PRESS STATEMENT By People’s National Congress Reform Friday 14 November 2008 Media Centre, Congress Place, Sophia
• The current financial crisis is the worst economic setback for the global economy. All of this is occurring at a time when Guyanese are already suffering, as a consequence of the economic burdens inflicted by the incompetence of the Jagdeo Administration and the callous imposition of the 16% VAT;
• It is a known fact that bills from GPL and GWI have been extremely high and have worsened the economic circumstances of our citizens;
• It is apposite to note that the People’s National Congress Reform has been arguing that, in order to get to the bottom of crime, the GPF needs to apprehend criminals, interrogate them within the confines of the law, and bring them to Justice before the Courts;
• The Government needs to develop clear rules and regulations to protect the health and safety of those working on the removal of asbestos and those who occupy those buildings.
GUYANA GOVERNMENT MUST IMPLEMENT IMMEDIATE RELIEF MEASURES TO CUSHION THE EFFECTS OF THE GLOBAL FINANCIAL CRISIS:
Remittances to Guyana have been as high as US$424M or 42% of the GNP. With rising unemployment in the USA, there has already been a 35% decline in remittances. Because of the high dependence of a large section of the Guyanese population on remittances, for their day-to-day survival, this crisis is likely to result in damaging increases in the levels of destitution and desperation, as the already large army of the poverty stricken is swollen.
The current financial crisis is the worst economic setback for the global economy. It has challenged the western financial system and has put the economies of the BRICK (Brazil, Russia, India, China and South Korea) countries under severe strain. There has been a global response and at several meetings the representatives of these countries have attempted to reach some understanding of the nature of the crisis and how it might be resolved. The G-20 Meeting in Brazil this weekend is a further attempt to understand and to act to bring the global financial crisis under control. At the regional level, the Caribbean Community (CARICOM) is expected to meet and take action on this crisis.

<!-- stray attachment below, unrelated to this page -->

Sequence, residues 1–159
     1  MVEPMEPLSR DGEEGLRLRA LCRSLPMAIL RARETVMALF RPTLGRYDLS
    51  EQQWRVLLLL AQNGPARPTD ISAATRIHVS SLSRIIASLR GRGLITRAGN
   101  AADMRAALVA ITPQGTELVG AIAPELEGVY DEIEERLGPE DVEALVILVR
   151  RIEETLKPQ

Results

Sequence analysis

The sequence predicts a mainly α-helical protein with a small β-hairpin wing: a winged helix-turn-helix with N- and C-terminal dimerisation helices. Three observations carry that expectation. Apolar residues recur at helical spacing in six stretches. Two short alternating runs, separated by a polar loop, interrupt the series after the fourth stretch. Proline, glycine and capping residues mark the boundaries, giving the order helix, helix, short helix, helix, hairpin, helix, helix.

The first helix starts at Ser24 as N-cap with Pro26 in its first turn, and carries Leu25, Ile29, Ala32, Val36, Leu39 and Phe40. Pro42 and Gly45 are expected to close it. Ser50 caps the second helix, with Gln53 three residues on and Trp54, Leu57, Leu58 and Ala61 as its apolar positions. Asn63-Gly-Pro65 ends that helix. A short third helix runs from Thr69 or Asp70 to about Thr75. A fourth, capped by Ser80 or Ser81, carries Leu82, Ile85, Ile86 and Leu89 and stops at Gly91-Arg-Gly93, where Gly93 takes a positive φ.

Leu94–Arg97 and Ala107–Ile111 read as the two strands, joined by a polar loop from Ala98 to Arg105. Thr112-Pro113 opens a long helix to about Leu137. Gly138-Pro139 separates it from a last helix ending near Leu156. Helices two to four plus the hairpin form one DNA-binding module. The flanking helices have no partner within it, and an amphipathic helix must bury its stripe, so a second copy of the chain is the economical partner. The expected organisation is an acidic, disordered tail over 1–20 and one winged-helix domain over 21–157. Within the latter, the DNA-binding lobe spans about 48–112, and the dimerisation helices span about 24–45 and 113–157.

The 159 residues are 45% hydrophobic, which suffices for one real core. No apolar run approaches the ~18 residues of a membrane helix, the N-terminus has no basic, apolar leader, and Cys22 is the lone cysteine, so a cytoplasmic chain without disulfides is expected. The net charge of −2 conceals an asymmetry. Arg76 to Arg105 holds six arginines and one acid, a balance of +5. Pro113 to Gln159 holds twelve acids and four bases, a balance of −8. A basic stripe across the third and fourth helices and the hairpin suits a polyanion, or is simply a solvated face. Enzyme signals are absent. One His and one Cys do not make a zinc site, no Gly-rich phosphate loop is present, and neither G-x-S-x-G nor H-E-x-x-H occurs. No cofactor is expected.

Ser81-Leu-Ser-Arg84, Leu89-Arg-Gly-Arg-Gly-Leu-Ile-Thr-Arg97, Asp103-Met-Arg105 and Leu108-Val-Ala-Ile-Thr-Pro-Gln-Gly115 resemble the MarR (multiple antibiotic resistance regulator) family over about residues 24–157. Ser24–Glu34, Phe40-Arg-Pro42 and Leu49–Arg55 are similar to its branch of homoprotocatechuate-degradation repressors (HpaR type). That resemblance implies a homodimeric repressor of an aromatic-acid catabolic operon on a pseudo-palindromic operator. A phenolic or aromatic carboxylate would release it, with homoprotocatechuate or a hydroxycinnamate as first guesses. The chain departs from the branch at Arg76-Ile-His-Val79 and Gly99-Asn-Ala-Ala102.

All of this is occurring at a time when Guyanese are already suffering, as a consequence of the economic burdens inflicted by the incompetence of the Jagdeo Administration and the callous imposition of the 16% VAT. It is evident, that the significant reduction in remittances will create a shortage of US$’s and result in further increases in the cost-of-living in Guyana.
In the circumstances, it was expected that the Administration would be proactive and develop its own stimulus plan to bring relief to the Guyanese people. Our best minds should have been put to work to prepare a viable programme to rescue the Guyana economy. Such a programme would compliment the work being done by CARICOM and serve as a basis for representation in other international fora. Instead, there have been several disjointed statements from the President himself and the resident confusionist, Dr. Luncheon, suggesting that Guyana is somehow immune from the crisis and that, all that is necessary is some sort of monitoring capability.
The PNCR has been on record, before the current crisis, urging the Administration to implement suitable measures to provide positive relief to cushion, particularly the vulnerable sections of the society, from the dire economic and social burdens which has resulted in the rapid increase in poverty in Guyana. The current global financial crisis is likely to aggravate and worsen the existing economic and social situation in Guyana.
FALLING OIL PRICES MUST SEE REDUCTION IN GPL AND GWI TARIFFS:
The price of oil has been falling sharply on international markets. This week it was below the US$63 per barrel. Falling oil prices has been a fact of international life for quite some time.
Given our current economic stringencies and difficulties, especially as these affect vulnerable groups, such as our pensioners and those on fixed incomes, the Jagdeo regime must move with dispatch to reduce the tariffs imposed by the Guyana Power and Light (GPL) and Guyana Water Inc. (GWI) in order to bring some relief to our hard pressed people.
It is a known fact that the bills from GPL and GWI have been extremely high and have worsened the economic circumstances of our citizens. In fact, apart from the high cost of food, the cost of electricity and water constitute the major element of expenditure for most of our people.
PNCR BELIEVES THAT DEPOLITICISED POLICE FORCE IS CAPABLE OF PRODUCING POSITIVE RESULTS: